Published:  02:21 AM, 11 June 2021

Making Dhaka a livable city

 
Dhaka has turned out to be the fourth least livable city in the world in a recent ranking by a globally recognized organization. Dhaka is the world's 11th largest city and amongst the most densely populated. At the same time, it is consistently ranked as one of the least livable city in the world. Rapid migration, poor city management, low efficiency and massive corruption in service provision are exacerbating the problems. Urban traffic is reaching nightmare proportions, and water and air pollution from poor waste and traffic management poses serious health risks.

The already acute slum population is growing further, contributing to serious human and law and order problems. Actions to ensure an adequate supply of basic services and to tackle corruption and wastage are needed immediately. This monograph suggests that the management problems of Dhaka cannot be addressed in a piece meal fashion. Deployment of additional resources and massive investment will be required to meet the large backlog of unmet demands. To make this investment effective, there is a need to fundamentally and systemically rethink the governance of Dhaka. The monograph offers some basic guiding principles that must underpin a reform program. It provides alternative approaches based on a review of good practice international experiences. The monograph concludes that in reforming Dhaka, policymakers will need to establish an elected, decentralized and accountable city government; that has well defined service delivery responsibilities; has considerable financial autonomy; and has well defined relationship with central government. Another formidable problem is solid waste mismanagement.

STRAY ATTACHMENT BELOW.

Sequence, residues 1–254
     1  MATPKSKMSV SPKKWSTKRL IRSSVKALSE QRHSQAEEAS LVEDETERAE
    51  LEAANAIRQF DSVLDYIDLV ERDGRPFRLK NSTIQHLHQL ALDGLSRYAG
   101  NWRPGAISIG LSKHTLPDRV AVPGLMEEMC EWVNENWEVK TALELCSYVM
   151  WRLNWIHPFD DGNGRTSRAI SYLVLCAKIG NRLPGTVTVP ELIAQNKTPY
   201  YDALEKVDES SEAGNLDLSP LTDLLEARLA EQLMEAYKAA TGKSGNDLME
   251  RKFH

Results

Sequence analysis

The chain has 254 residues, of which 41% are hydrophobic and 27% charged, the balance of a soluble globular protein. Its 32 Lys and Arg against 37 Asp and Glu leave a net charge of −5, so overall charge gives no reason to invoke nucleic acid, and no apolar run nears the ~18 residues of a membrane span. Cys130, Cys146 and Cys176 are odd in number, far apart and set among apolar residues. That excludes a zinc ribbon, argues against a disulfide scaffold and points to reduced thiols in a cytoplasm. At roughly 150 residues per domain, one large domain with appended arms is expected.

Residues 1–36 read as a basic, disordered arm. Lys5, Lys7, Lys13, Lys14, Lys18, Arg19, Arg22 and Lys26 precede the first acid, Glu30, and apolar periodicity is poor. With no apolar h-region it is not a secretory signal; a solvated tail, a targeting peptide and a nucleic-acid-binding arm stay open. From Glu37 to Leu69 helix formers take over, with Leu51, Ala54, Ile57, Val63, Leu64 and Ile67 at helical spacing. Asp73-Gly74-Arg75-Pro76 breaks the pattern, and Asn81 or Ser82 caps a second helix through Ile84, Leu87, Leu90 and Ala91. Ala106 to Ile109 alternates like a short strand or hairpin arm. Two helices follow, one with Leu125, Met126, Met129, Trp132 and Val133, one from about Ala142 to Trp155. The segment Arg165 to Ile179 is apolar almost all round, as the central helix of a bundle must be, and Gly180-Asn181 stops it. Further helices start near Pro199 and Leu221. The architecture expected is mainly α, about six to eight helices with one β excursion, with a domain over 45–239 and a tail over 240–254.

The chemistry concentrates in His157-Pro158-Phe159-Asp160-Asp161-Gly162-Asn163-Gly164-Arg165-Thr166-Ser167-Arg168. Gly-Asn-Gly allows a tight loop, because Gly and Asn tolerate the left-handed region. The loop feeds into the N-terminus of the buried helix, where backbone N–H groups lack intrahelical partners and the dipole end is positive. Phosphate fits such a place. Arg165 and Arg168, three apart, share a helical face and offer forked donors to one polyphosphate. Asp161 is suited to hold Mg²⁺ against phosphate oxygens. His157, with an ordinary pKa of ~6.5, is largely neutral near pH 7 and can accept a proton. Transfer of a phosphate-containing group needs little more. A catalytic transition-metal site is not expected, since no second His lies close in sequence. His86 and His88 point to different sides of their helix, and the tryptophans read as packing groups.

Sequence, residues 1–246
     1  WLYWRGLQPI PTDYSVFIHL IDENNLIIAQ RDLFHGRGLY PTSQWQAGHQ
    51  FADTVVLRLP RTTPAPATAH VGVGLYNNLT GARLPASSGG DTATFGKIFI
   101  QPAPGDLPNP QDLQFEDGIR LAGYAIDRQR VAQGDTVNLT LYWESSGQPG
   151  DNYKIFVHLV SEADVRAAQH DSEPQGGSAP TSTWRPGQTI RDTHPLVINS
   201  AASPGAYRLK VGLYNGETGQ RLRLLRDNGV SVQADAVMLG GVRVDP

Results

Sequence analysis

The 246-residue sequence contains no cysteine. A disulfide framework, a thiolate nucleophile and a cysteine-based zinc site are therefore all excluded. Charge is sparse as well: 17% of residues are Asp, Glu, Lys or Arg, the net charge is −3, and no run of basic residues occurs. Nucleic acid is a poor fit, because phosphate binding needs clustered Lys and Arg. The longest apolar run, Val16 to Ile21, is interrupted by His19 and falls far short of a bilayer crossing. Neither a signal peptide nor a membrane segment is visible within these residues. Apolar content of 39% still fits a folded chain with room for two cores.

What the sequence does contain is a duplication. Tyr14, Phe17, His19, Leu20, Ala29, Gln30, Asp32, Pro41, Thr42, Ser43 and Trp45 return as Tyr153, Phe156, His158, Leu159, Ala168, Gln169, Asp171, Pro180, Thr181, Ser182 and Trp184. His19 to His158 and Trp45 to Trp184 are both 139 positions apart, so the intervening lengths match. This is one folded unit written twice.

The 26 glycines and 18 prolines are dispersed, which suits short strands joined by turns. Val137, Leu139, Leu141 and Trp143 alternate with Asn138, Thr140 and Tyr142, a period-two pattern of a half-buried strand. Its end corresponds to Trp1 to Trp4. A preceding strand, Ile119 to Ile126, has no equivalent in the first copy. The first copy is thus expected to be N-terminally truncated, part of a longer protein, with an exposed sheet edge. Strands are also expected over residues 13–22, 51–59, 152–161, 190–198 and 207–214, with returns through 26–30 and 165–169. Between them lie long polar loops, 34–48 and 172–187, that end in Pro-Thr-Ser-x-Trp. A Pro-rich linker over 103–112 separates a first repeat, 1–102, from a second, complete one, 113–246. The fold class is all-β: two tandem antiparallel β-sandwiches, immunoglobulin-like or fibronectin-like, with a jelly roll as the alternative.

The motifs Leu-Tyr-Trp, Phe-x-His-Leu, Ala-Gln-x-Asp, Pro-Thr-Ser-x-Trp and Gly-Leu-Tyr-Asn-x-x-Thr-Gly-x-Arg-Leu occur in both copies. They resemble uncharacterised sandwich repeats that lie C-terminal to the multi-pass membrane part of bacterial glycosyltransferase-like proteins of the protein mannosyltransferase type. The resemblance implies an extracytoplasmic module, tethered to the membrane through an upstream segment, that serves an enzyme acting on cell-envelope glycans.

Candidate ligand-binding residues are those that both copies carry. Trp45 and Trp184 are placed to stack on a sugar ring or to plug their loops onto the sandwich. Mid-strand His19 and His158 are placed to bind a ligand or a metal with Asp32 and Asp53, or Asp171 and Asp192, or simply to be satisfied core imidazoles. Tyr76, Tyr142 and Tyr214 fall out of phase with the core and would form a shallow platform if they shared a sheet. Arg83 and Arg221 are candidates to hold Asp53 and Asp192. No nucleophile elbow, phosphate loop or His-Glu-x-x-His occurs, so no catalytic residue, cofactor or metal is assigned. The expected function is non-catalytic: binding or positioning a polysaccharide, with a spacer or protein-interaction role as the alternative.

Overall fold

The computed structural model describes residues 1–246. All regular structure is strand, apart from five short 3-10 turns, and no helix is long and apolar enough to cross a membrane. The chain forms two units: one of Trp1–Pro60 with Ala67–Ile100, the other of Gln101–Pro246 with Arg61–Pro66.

There is a generation of 'organic pollution hazard'.  The garbage spreads everywhere in the form of heaps all over the filthy city points. Now there are dumping grounds in outer loosely built up communities. Well maintained garbage disposal system is lacking. The city corporation is collecting garbage through its scanty resources and manpower. The garbage collected from the residents and offices through van is disposed on the dumping ground. In many city-points some amount of solid waste is discharged into the drains or canals causing a great deal of water pollution. The waste from kitchen throwing out of window is emptied into the river through rainwater. Garbage disposal requires responsible urban governance, which is supposed to give immediate action. There is no denying that Bangladesh is growing fast and Dhaka is growing faster. The capital city also has immense importance in the country's overall economic development. The government needs to ensure coordination among 56 service- providers, as no pragmatic plans were there behind building of city roads, drainage system and even for setting up of street lights. The city development efforts did not have continuity and were not sustainable. Only a clear vision of the people, the government agencies, private investors, and development organizations, and timely actions could ensure building Dhaka as a planned new city.



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